Asked whether police patrolled the location often, the man assured: “Yeah, but once they see car parked up over here or over deh, they does come. We moving all we customers back this side deh. We trying fuh avoid them. When they pass, they see the place clear, they does gone deh way.”
As the reporters prepared to exit the vehicle, they could hear the voice of another individual over a walkie talkie — formally, handheld transceiver— in the man’s hand. When the reporters neared the gate, the man alerted another via the communication device that customers were about to enter. Inside was a sight to behold. It was indeed karaoke night. An individual was singing at the top of her lungs in the center of the room as the audio track to a well-known oldies song accompanied her. Meanwhile, some who seemed to be friends of the individual were singing along. Others were simply standing, sitting at the bar or playing pools.
There were about 50 persons inside the establishment and no masks were counted besides that on the faces of the reporters. Immediately upon entering, the reporters were greeted by the establishment’s staff who noted their choice of beverage. From about 11:30 PM to later, business at the location operated as per pre-COVID-19 conditions, save for one point when a worker at the establishment asked a group of girls singing too loudly to tone down.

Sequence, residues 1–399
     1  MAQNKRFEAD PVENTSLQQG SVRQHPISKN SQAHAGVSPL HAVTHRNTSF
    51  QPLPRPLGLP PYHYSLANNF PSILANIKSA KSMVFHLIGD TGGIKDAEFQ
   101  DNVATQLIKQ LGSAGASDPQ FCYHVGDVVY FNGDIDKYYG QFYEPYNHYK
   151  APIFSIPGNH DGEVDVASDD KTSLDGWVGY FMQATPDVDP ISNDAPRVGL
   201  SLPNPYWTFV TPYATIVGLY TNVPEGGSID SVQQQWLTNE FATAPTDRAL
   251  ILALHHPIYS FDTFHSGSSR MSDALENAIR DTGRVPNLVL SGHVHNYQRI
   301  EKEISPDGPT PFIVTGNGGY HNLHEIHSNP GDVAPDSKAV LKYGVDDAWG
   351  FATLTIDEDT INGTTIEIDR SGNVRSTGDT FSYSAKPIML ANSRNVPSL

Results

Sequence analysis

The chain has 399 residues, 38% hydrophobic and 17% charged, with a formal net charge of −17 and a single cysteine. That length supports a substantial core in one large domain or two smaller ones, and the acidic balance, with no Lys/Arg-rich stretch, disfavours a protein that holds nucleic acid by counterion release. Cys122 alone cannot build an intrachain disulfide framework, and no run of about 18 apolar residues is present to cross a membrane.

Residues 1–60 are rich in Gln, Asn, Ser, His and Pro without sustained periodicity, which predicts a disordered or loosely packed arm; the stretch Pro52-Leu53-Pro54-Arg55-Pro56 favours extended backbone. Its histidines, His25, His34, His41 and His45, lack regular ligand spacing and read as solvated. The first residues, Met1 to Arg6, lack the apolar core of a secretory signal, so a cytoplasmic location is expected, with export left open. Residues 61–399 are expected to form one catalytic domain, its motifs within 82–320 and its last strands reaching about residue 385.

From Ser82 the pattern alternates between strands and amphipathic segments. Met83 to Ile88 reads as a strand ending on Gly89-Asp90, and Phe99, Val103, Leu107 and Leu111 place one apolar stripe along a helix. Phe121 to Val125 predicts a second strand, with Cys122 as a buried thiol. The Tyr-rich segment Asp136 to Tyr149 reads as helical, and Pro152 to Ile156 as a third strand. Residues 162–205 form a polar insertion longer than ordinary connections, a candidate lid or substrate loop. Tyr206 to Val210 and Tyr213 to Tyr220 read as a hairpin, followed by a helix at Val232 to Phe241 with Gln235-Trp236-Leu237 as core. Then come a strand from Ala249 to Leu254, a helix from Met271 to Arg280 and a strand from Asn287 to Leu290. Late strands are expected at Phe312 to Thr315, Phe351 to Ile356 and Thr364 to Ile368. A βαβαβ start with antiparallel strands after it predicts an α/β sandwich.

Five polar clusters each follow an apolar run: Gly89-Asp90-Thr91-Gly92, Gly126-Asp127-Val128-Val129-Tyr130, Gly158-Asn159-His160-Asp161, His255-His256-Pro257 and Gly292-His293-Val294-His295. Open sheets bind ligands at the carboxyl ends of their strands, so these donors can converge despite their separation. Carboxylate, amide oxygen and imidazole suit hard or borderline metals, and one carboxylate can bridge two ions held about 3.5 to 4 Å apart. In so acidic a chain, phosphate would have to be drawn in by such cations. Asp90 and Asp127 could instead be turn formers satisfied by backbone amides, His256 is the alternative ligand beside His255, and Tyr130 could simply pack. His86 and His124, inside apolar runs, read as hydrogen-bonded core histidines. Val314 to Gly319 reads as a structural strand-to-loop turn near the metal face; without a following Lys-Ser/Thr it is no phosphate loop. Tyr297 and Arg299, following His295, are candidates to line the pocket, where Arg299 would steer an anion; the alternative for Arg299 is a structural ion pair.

When exiting the establishment, there are other procedures that apply. A man at the internal end of the gate first communicates with the lookout man via walkie talkie before he allows customers out. Without the go-ahead of the lookout that the coast is clear, the man on the inside does not open the gate. When the undercover reporters left the establishment, there was no indication that they would be wrapping up any time soon.
At other locations in central Georgetown, the reporters noticed similar-looking men on the lookout at entertainment spots but they could not verify whether similar operations were taking place.
Unlike the Outback Restaurant and Bar, over at the Sleep-In International Hotel and Casino, about 40 persons or less were seen after curfew gathering immediately outside the location. They were out in the open and did not seem bothered that it was beyond the national curfew. Though the reporters did not enter the building, they took photographs of the gathering outside.
The environment was well lit. Some persons gathered in or near vehicles, some lined the street corner drinking while others clustered at a burger stand awaiting their orders. The reporters stayed for a while at the location and no police patrol was noticed during that period.
It is unclear whether police patrolled the location on the night of March 29, 2021. Compared to Kitty, Campbellville and along Vlissengen Road just nearby, reporters noticed several police patrol cars and were even stopped briefly by a police officer.